ASTORIA — Peter Vallone will run for Queens Borough President in 2013, the city councilman announced Tuesday.
Vallone, who will be term-limited from his City Council seat at the end of next year, officially launched his candidacy at his family's holiday party in Astoria Tuesday night.
"I've been fighting for Queens my entire life. I've been leading the fight," said Vallone, who was introduced to the crowd by his father, former City Council Speaker Peter Vallone Sr.
The younger Vallone, who was first elected to his Astoria City Council seat in 2002, pointed to his time in office tackling local issues like graffiti and fighting cuts to the police department's budget as head of the City Council's Public Safety Committee.
He painted himself as a leader, referencing his role as one of the few critics who fought the re-naming of the Queensborough Bridge after former Mayor Ed Koch.
"I understand what Queens is about," Vallone told the crowd of friends, family and political colleagues who'd gathered at Astoria's Don Coqui restaurant Tuesday night. "I'm a product of Queens, I'm going to spend the rest of my life in Queens, and I'd like to work with all of you to continue to make Queens better and better."
Queens Borough President Helen Marshall's term will end next year. Vallone said he'd been considering a run for "a long time now," and acknowledged the fact that he's entering an already crowded race for the seat.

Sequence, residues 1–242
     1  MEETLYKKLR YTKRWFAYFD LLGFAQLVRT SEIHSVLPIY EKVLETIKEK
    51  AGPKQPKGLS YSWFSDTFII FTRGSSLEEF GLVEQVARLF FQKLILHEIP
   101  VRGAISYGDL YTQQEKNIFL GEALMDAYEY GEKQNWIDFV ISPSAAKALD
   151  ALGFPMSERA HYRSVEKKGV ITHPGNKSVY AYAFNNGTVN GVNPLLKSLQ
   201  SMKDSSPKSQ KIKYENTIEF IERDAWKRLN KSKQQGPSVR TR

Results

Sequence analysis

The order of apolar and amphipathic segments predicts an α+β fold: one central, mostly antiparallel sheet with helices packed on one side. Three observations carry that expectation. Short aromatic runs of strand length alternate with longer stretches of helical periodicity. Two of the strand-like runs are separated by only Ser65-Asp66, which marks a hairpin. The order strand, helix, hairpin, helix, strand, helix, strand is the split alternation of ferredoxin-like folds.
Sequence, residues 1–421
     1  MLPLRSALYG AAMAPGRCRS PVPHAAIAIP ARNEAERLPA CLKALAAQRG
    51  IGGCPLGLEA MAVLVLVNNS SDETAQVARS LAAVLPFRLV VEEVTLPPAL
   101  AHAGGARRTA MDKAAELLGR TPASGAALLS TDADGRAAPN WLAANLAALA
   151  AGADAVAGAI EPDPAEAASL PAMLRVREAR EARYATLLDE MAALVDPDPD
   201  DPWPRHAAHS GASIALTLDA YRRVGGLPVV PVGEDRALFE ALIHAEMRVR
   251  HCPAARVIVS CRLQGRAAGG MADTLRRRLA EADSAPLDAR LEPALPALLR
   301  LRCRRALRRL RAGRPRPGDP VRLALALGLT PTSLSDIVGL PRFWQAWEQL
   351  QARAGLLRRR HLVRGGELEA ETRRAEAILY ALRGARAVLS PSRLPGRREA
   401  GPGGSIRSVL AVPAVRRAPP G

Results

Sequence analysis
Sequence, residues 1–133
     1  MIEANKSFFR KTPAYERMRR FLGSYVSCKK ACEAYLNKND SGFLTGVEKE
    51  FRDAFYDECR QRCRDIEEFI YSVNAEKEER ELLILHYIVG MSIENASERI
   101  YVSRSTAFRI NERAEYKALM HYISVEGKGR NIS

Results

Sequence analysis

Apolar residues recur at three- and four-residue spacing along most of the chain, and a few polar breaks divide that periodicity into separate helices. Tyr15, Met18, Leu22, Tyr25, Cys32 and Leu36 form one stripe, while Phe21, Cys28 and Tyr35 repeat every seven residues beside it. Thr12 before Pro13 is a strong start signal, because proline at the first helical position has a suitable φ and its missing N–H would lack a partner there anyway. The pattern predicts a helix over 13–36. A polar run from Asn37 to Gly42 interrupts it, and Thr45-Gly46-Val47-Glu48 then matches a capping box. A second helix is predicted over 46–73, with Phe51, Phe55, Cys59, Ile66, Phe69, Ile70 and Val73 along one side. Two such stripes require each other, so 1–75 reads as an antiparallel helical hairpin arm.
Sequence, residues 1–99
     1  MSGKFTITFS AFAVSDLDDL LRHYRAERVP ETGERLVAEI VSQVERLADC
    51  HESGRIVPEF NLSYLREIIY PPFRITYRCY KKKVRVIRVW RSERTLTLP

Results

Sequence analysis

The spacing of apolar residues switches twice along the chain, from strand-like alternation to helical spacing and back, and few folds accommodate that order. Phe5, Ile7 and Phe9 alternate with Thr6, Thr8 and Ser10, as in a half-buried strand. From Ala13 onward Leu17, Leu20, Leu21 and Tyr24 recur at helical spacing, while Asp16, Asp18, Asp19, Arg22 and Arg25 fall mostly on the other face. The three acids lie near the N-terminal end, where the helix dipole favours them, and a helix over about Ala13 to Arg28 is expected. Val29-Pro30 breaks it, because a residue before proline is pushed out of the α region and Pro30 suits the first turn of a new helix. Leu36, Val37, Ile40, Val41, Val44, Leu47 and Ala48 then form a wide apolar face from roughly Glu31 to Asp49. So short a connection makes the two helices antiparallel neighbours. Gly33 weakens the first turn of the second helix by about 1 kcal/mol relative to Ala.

"Is there anybody who’s not running for borough president yet?" he quipped to the crowd. "I know there’s a lot of people running already, a lot of good people."
Among his competition is former Council and Assemblywoman Melinda Katz, State Sen. Jose Peralta, former Deputy Borough President Barry Grodenchik, and State Sen. Tony Avella. City Councilman Leroy Comrie is also considered a likely contender for the spot.
On Tuesday, former Mayor Ed Koch offered an endorsement for Katz, whom he referred to in a statement as "the one candidate in the race that raises the level of conversation about balancing
economic development with the community in Queens."
Vallone, however, called himself the "only candidate with any business experience," referring to his family's long-operating Queens law firm, and said he would fight for the interests of the neighborhood's small business owners.
"I know what it's like when big government tramples on small businesses," Vallone said. "No other candidate running knows what that’s like."
City records show Vallone has over $1 million in his campaign coffers already.